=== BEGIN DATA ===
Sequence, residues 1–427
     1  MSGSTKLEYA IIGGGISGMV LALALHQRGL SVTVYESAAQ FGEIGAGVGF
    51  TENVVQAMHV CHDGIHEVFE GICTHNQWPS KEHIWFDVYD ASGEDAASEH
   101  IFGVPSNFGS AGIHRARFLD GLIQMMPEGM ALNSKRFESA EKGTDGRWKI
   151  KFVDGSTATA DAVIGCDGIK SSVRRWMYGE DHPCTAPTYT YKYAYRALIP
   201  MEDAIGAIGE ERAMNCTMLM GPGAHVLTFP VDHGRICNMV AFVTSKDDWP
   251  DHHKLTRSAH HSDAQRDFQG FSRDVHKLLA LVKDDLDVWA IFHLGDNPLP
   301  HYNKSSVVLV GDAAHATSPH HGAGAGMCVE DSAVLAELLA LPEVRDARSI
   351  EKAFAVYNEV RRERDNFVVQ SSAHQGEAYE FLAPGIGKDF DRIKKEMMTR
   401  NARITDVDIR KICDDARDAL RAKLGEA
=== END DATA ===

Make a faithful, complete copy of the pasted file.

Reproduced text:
Sequence, residues 1–427
     1  MSGSTKLEYA IIGGGISGMV LALALHQRGL SVTVYESAAQ FGEIGAGVGF
    51  TENVVQAMHV CHDGIHEVFE GICTHNQWPS KEHIWFDVYD ASGEDAASEH
   101  IFGVPSNFGS AGIHRARFLD GLIQMMPEGM ALNSKRFESA EKGTDGRWKI
   151  KFVDGSTATA DAVIGCDGIK SSVRRWMYGE DHPCTAPTYT YKYAYRALIP
   201  MEDAIGAIGE ERAMNCTMLM GPGAHVLTFP VDHGRICNMV AFVTSKDDWP
   251  DHHKLTRSAH HSDAQRDFQG FSRDVHKLLA LVKDDLDVWA IFHLGDNPLP
   301  HYNKSSVVLV GDAAHATSPH HGAGAGMCVE DSAVLAELLA LPEVRDARSI
   351  EKAFAVYNEV RRERDNFVVQ SSAHQGEAYE FLAPGIGKDF DRIKKEMMTR
   401  NARITDVDIR KICDDARDAL RAKLGEA